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 Mabel May Woodward  (1877 - 1945)

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Lived/Active: Rhode Island      Known for: sea-landscape, genre and portrait painting

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Ad Code: 2
Mabel May Woodward
from Auction House Records.
A Day at the Beach
Artwork images are copyright of the artist or assignee
This biography from the Archives of AskART:
Mabel May Woodward, painter, craftswoman, impressionist, was born in Providence, Rhode Island on September 28th, 1877. Woodward first studied at the Rhode Island School of Design, and later she studied at The Art Students' League in New York under Frank Vincent Du Mond, Kenyon Cox, and William Merritt Chase. She also studied under Arthur Wesley Dow and Charles H. Woodbury at the Ogunquit School of Art.

During her career she often cited Frank Du Mond, with whom she painted in Old Lyme, Connecticut, and William Merritt Chase as the major influences on her artistic career.

Chase's influence is particularly noticeable in her work. Woodward like Chase often painted out doors in a Plein-Air Impressionistic manner. Her colorful canvases display her master's brush-work, bold, crisp, unlabored strokes and a mastery of the effects of light and shadow often with a heavy impasto. Her subject matter was often her beloved native coastal New England, with the airy landscapes, towns and beaches. She was also known for genre, European scenes, villages, farms, still lifes and flowers.

Providence, Rhode Island, her hometown, was a mecca for artists at the time she was growing up, and the many noted artists painting there at the time no doubt influenced her work as much as the pleasant scenery she was accustomed to.

Although she traveled and painted in Europe, she remained a daughter of Maine her entire life spending most of her summers in Ogunquit, a major center of art.

Woodward was a long-time faculty member at the Rhode Island School of Design, where she pioneered the "The Action Class" a study of the human figure as a machine rather than a stationery object. She was also a member of the Providence Art Club, where she had a highly-praised "one-woman" show; a member of the Providence Watercolor Club; South County Art Association; Ogunquit Art Association and others. She died August 14th, 1945.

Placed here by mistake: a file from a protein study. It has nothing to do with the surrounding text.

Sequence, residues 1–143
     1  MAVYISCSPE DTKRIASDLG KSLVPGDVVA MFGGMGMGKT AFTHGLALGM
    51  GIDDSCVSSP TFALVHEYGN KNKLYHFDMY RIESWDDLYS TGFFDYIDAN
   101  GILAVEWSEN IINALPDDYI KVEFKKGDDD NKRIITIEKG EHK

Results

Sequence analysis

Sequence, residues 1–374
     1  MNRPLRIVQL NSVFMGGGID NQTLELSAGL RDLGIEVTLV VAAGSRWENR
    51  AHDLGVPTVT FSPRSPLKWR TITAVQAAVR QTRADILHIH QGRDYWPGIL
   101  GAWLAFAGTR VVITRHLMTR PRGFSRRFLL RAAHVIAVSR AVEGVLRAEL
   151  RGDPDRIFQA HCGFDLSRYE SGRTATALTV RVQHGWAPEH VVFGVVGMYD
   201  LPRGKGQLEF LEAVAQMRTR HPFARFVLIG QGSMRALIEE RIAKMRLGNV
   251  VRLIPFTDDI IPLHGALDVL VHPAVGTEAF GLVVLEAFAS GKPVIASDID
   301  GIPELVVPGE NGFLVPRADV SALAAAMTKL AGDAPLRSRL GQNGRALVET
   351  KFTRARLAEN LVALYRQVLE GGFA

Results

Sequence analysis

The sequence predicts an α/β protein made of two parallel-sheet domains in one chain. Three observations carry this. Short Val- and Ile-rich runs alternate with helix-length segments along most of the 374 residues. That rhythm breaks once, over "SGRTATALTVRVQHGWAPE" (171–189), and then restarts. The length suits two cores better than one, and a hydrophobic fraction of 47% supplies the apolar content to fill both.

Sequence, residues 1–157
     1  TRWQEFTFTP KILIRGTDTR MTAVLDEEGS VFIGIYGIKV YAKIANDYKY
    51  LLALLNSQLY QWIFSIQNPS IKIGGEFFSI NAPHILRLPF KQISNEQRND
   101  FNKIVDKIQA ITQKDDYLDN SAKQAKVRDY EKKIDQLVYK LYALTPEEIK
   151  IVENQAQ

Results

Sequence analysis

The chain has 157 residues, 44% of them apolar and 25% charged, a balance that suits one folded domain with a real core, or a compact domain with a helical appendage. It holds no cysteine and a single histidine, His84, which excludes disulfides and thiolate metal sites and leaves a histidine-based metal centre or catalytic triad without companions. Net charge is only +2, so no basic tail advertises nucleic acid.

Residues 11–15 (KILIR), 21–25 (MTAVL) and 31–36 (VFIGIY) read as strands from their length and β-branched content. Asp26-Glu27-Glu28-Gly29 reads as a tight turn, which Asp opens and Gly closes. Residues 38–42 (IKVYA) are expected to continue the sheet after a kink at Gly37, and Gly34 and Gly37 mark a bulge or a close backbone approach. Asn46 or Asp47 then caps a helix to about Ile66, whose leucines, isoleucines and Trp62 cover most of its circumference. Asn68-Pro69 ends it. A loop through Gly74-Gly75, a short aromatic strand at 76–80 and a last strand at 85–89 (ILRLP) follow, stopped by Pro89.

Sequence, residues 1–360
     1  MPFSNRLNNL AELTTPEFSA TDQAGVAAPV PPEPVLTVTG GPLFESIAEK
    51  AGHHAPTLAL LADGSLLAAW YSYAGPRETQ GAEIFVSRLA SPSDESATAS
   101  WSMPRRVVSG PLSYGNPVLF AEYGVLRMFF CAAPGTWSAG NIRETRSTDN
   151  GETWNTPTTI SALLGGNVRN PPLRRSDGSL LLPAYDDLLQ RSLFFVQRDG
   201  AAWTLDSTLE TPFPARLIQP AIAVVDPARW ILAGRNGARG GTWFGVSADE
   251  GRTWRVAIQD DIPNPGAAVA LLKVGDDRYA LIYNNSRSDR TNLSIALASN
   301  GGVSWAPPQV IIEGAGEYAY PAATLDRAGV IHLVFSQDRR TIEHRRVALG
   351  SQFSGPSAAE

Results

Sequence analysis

Blake Benton Fine Art

This biography from the Archives of AskART:
Born in Providence, Rhode Island, Mabel Woodward was an Impressionist painter of simple palette who specialized in colorful beach and other recreational scenes.  She was also a long-time teacher (25 years) at the Rhode Island School of Design and there started The Action Class, a pioneering idea whose purpose was to study the human figure as a machine rather than a stationery object.  She traveled to Europe but spent most of her summers in Ogunquit, Maine.  She was also a frequent visitor to Provincetown, Massachusetts where she painted many street and beach scenes.

She got her early art training at the Rhode Island School of Design and continued her studies at the Art Students League in New York with William Merritt Chase, Frank DuMond, and Kenyon Cox. She worked with Du Mond in Old Lyme, Connecticut and attended the Ogunquit School as a student of Charles Woodbury.

Paul Sternberg, Art by American Women

This biography from the Archives of AskART:
Her works can be found at:
Newport Hospital:
1. Oil on board, "Three Striped Umbrellas"

North Providence Union Free Public Library:
1. Oil painting [untitled]--beach scene

Providence Art Club:
1. Watercolor, "Girl in Garden"
2. Oil, "Beach Scene"
3. Watercolor, "The Metal Shop"
4. Watercolor/pencil on wove paper, "Carsi"

Rhode Island School of Design:
1. Oil painting on board, "Landscape with Farm Buildings" (late 19th-mid 20th c.) (acc.# 80.131)
2. Oil painting on board, "Cypress" (late 19th-mid 20th c.) (acc.# 80.132)

Unveiled: a directory and guide to 19th century born artists active in Rhode Island, and where to find their work in publicly accessible Rhode Island collections
by Elinor L. Nacheman

Biography from Charleston Renaissance Gallery: